Originally Posted by chrisreeves
Now that I have a flagship AVR - Denon 7200WA - of course I am wondering what the difference is at the "next level." Can someone help me understand? Let's assume all else is equal in two scenarios where the only difference in a system is the AVR vs the Pre/Pro. . . .
You ask a great question. Here are some differences:
- All high end processors use balanced outputs to the amplifiers. This results in a lower noise signal, but more importantly, higher output voltage.
Higher output voltage
- The higher the output voltage, the more headroom the signal has without being clipped. The SMPTE standard is +24 dBu (12.28 Vrms). The Denon X8500 does +3.8 dBu (1.2 Vrms) except on the subwoofer output which is higher. My minimum requirement is that a processor should do at least +20 dBu. The higher output voltage also lets one use a lower gain amplifier. This results in an overall lower noise floor.
Better Volume Control
- A higher end processor may use a higher bit depth for volume adjustments and then dither for output. Some now also have a hybrid volume control that combines the best of analog and digital volume controls.
Lower noise DAC section
- Getting a hiss or noise with consumer receivers and processors is something I hate and shows up with high sensitivity speakers. A high end processor may use a dual or quad DAC output section, like a high end DAC, to lower the noise floor.
Better 4K HDMI input/outputs
- A high end processor should have quicker switching of HDMI sources and no dropouts or handshake issues. You can also use combine audio and video inputs separately. Want to listen to music while watching a football game? - no problem.
- You need different lip sync for 24p vs 60p. A higher end processor can give more lip sync settings for those that desire to make it perfect. You can have both global lip sync and lip sync on a per input basis.
Extensive bass management
- A high end processor will give one more options for bass management including 1st-4th order crossovers of various kinds. This allows one to better integrate the mains with the subs. There may also be options such as routing the LFE to any speaker, routing redirected bass to any subwoofer, grouping/ungrouping subwoofers, and outputting to more than just two subwoofers
Bass and main speaker integration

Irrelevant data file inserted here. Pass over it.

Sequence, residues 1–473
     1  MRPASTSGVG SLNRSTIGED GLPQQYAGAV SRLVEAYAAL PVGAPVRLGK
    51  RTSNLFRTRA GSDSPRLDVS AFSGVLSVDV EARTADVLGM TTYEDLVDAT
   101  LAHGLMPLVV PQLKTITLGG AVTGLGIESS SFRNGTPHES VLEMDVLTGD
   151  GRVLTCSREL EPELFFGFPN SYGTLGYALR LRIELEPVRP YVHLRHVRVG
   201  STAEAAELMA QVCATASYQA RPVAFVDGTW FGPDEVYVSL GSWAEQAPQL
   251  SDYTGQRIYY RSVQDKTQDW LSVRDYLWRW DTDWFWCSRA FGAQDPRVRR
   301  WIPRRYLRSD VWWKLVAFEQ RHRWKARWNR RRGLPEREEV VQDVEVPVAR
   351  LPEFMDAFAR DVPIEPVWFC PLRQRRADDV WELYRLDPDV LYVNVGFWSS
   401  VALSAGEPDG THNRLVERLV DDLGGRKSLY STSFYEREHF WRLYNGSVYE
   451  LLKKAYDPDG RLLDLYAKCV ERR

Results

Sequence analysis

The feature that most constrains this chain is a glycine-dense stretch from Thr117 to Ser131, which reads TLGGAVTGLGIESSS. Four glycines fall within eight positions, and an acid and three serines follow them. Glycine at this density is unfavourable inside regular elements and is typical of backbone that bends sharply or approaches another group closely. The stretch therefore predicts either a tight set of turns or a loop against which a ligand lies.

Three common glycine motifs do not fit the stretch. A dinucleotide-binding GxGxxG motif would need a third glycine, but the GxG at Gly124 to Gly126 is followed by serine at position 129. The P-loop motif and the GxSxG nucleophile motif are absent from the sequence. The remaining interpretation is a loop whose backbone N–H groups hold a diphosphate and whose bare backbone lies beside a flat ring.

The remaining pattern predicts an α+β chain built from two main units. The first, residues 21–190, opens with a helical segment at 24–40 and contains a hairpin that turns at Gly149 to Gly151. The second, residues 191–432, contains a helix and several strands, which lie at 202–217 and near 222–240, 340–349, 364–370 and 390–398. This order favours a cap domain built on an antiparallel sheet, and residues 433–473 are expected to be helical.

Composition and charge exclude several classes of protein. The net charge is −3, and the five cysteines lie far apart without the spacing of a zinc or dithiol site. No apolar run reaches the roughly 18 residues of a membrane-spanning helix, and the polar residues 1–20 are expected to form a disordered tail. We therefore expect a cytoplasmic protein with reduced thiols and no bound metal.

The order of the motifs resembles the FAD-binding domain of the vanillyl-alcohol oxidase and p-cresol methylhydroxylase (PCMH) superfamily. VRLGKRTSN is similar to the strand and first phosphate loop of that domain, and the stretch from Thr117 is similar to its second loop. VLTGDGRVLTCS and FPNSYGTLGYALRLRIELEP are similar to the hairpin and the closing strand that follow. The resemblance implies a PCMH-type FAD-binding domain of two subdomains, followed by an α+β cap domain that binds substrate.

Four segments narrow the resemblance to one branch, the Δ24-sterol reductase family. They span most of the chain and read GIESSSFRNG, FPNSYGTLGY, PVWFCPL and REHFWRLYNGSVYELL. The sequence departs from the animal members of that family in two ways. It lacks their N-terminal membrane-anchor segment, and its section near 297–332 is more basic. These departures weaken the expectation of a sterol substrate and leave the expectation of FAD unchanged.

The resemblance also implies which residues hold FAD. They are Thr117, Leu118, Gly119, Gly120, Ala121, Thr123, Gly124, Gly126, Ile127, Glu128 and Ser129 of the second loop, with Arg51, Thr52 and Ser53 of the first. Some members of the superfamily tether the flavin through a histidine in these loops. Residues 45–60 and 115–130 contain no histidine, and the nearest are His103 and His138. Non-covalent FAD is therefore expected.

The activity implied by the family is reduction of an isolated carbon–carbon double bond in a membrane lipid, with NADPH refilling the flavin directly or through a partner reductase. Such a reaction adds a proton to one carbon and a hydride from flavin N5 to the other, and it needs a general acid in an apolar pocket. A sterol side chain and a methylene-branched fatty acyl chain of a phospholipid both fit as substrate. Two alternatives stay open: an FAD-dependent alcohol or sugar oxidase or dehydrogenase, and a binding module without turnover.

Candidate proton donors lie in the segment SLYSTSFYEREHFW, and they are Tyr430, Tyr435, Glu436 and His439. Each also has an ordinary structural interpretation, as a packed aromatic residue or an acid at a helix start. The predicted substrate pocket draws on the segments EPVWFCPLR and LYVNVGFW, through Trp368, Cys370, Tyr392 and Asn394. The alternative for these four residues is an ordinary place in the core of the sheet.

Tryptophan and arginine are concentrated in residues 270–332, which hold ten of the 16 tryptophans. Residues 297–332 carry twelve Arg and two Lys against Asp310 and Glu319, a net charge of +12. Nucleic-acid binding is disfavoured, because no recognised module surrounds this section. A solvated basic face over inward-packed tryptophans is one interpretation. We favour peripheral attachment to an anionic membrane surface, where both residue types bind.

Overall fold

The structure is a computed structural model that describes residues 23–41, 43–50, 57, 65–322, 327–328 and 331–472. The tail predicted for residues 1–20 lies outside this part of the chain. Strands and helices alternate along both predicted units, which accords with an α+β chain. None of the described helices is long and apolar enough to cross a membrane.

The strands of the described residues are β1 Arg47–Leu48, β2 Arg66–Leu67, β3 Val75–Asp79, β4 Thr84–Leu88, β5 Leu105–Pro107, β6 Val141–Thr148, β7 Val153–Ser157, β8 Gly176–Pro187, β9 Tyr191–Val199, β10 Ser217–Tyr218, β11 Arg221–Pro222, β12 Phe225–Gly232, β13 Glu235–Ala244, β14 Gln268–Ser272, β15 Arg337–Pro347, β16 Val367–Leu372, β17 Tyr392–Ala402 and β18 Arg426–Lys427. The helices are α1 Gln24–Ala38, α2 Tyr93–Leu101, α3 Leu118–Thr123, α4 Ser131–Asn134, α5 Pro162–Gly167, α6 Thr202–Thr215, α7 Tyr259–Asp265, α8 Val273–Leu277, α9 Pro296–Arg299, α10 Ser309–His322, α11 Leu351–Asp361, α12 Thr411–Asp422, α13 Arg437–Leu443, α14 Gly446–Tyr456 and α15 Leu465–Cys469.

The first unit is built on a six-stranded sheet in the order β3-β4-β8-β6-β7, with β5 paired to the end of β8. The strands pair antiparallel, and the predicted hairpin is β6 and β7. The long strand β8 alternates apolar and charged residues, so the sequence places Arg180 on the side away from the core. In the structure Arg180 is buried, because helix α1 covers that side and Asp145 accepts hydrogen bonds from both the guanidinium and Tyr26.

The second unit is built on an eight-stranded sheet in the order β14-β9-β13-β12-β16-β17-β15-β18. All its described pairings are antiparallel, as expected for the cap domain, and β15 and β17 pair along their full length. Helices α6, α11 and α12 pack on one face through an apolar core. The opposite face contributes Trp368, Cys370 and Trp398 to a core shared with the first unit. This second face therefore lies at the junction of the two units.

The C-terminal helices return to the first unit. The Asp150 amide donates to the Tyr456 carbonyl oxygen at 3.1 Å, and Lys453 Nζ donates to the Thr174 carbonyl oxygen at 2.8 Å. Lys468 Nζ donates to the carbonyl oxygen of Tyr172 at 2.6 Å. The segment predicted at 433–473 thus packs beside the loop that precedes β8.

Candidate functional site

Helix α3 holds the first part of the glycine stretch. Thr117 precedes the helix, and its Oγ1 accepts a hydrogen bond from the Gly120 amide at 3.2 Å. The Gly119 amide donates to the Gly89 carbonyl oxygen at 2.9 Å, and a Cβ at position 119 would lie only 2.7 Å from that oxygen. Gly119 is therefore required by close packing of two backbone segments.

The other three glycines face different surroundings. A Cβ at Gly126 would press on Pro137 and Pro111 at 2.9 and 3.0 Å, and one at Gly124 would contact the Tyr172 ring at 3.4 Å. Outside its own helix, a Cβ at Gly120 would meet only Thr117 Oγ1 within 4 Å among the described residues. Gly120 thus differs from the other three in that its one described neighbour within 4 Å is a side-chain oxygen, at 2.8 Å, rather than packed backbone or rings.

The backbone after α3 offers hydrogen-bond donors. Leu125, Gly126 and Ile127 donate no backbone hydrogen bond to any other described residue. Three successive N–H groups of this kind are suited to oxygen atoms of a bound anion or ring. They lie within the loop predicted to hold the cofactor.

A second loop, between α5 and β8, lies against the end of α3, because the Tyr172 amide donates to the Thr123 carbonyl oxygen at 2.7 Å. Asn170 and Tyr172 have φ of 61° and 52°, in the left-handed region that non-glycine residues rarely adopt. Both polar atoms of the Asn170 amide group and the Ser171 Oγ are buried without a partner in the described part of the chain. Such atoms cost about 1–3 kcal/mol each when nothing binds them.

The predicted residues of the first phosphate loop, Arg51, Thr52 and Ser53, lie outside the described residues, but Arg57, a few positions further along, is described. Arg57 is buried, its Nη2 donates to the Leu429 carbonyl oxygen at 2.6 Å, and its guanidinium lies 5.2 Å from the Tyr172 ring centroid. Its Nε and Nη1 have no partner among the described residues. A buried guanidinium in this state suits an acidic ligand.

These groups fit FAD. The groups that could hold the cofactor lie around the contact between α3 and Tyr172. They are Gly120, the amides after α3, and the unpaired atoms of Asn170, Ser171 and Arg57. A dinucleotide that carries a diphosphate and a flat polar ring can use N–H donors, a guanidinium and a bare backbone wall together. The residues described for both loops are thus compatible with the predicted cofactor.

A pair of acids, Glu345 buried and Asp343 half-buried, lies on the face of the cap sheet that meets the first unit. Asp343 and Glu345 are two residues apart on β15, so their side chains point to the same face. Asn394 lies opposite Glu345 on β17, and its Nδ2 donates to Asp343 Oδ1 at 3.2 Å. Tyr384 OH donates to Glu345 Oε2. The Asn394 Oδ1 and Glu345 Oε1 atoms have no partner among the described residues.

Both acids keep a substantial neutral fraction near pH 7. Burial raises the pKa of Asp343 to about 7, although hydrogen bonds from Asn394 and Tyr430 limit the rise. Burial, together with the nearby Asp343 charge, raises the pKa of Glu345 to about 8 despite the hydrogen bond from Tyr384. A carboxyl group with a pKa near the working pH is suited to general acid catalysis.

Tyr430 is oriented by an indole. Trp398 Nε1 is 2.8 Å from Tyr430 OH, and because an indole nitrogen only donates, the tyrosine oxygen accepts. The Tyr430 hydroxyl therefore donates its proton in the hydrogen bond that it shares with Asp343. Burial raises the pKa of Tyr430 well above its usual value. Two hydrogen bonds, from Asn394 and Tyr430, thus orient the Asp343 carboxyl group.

- Audyssey and all other "room correction" software run after the processor's crossovers have been set. Both Trinnov's room correction and now Dirac Live Bass Control handle the crossover between the speaker and subwoofer for tighter integration and better time and phase alignment. I'm not aware of any thing else that will do this.
- Most high end processors have the capability to group channels for active crossovers
- A receiver locks you in to their channel routing. A high end processor lets you reroute channels. This is helpful for not only measuring, but also for creating different setups based on stereo vs multi-channel sources. It is just another tool for optimizing the system depending on content. You can even route differently for Atmos, DTX:X, and Auro:3D depending on what layout you might want to use.
- Yamaha is the most flexible consumer processor regarding presets, but it is still minimal compared to a high end processor. By preset I mean the ability to save decoding, layout, levels, delays, routing, EQ and switch on the fly either automatically depending on content or manually.
- Some high end processors let you use excess channels for mono, stereo, and even multi-channel zones. You can use the processor for a two channel room and a high end home theater, two home theaters, whole house audio, etc.
- You don't have to rely on a miniDSP. With a high end processor you get extensive EQ capability and can sometimes import EQ settings from REW or other software.
- The precision of a room correction filter is dependent on the number of taps. A high end processor will use a higher number of taps for the ability to correct the bass frequencies without high latency FIR filters.